What Courses and Training Are Required to Become a Home Health Aide?
Though not necessarily required to work in the field, a Home Health Aide training program can qualify professionals for certification on the state and federal level and provide the instruction necessary for gaining vital skills. This article lists some of the required classes in a Home Health Aide program and discusses the job responsibilities one will encounter upon entering the field. Schools offering Home Health Aide degrees can also be found in these popular choices.
Required Classes in a Home Health Aide Program
No formal training or education is required to become a Home Health Aide, according to the U.S. Bureau of Labor Statistics (BLS), www.bls.gov. However, individuals who need certification or want to advance their careers can enroll in a Home Health Aide course or certificate program at a community or junior college. These training opportunities teach students the basics of patient care, and most fulfill state and/or federal licensing requirements. The length and cost of a Home Health Aide program will vary by institution, as will the classes required. Following are courses typically included in a Home Health Aide program:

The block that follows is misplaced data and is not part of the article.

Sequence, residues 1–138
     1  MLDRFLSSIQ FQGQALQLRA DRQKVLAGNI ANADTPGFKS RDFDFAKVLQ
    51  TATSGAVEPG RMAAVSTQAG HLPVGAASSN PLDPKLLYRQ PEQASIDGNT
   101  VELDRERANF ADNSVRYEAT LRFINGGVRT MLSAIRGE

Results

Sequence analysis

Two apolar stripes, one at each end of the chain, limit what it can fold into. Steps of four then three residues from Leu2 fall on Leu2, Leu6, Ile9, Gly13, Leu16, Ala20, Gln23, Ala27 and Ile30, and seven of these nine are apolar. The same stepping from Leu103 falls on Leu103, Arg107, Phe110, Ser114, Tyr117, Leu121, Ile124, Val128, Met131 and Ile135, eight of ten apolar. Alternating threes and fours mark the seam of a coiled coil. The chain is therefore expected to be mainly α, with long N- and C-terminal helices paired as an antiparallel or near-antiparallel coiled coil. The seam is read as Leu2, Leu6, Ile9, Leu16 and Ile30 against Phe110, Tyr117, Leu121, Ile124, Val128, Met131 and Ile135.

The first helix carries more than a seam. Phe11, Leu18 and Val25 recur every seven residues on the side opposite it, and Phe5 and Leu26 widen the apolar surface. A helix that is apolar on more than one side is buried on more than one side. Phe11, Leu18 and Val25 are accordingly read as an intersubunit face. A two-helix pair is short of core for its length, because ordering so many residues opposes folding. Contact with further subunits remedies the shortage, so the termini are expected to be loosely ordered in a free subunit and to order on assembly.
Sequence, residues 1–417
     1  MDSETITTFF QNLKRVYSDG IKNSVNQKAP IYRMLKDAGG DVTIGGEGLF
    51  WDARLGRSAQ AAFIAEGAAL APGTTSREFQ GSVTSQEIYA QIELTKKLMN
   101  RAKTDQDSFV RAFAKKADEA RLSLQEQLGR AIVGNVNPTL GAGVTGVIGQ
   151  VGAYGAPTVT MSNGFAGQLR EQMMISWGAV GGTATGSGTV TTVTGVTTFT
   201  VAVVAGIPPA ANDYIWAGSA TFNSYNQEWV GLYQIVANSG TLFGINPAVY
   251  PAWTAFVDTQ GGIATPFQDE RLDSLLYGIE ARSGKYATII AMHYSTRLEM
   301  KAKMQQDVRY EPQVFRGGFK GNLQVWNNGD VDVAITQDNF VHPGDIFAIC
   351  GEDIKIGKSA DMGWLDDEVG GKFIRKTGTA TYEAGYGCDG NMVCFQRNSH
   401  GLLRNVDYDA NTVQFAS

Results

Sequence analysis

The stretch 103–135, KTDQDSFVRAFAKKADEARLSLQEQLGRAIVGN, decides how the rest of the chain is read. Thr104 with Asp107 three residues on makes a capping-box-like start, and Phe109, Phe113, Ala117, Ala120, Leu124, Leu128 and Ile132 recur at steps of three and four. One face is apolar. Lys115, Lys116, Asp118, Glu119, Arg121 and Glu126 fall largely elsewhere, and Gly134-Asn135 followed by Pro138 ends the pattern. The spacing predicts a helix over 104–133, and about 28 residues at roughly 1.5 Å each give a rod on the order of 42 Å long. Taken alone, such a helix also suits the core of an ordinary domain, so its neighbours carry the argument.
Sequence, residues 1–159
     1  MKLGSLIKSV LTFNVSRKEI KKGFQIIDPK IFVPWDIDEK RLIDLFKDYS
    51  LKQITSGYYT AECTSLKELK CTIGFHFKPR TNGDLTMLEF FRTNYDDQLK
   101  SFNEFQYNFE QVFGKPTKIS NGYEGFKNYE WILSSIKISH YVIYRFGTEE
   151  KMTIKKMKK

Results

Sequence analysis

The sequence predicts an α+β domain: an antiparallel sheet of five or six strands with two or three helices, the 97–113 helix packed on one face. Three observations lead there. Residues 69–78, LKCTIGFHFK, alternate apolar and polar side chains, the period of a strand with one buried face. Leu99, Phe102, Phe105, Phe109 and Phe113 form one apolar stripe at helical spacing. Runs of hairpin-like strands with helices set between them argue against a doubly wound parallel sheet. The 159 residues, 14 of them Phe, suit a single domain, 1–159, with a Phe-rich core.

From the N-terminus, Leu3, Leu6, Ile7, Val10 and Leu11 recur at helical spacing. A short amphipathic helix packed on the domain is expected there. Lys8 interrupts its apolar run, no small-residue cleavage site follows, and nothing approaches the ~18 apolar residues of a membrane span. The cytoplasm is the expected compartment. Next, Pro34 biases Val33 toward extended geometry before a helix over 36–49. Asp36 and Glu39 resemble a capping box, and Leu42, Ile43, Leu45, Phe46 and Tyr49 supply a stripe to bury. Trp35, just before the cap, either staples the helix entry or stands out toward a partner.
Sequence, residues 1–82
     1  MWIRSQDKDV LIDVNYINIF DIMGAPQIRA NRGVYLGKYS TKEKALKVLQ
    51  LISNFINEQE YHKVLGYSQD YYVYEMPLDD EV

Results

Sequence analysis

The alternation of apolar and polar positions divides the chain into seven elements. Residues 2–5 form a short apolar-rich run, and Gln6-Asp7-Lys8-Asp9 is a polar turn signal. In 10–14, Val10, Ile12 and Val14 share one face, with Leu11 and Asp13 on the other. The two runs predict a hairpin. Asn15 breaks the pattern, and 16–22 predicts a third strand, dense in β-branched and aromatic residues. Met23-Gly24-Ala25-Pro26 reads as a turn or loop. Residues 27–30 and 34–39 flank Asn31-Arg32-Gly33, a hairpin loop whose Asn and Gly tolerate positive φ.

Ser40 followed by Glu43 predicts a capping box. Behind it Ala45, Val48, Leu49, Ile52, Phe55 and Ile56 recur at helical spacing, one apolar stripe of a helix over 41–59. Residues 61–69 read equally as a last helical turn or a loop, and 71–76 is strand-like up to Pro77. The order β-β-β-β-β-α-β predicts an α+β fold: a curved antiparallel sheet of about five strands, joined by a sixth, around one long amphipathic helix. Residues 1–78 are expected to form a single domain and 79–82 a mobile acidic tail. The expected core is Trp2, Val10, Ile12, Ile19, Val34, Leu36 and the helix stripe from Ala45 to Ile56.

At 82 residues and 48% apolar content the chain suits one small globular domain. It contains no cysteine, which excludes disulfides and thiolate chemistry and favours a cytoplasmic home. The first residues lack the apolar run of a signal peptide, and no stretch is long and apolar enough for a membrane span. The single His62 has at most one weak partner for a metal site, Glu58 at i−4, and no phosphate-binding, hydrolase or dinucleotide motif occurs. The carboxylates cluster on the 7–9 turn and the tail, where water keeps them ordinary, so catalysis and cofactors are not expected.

- Ethics and safety
- Basic nursing skills
- Residents' rights
Working as a Home Health Aide
Home Health Aides care for elderly, disabled or recuperative patients, either in individual homes or in extended care facilities, according to the BLS. Some Home Health Aides work independently, while others are employed by home health agencies. Certification requirements vary by state, though individuals working for patients who receive Medicare reimbursement must meet certain federal guidelines.
Home Health Aides who work for agencies are supervised by nurses, social workers or other medical personnel and must keep record of tasks performed, as well as the condition of patients. Some examples of jobs typically assigned to Home Health Aides include helping patients get in and out of bed, bathing and performing basic physical therapy exercises. In addition to assisting patients with day-to-day activities and personal care routines, Home Health Aides provide moral and emotional support, according to the Stanford University of Medicine, www.stanford.edu. Other possible duties include the following:
- Administering medication
- Recording patients' vital signs
- Giving massages
- Changing dressings
- Assisting patients with braces
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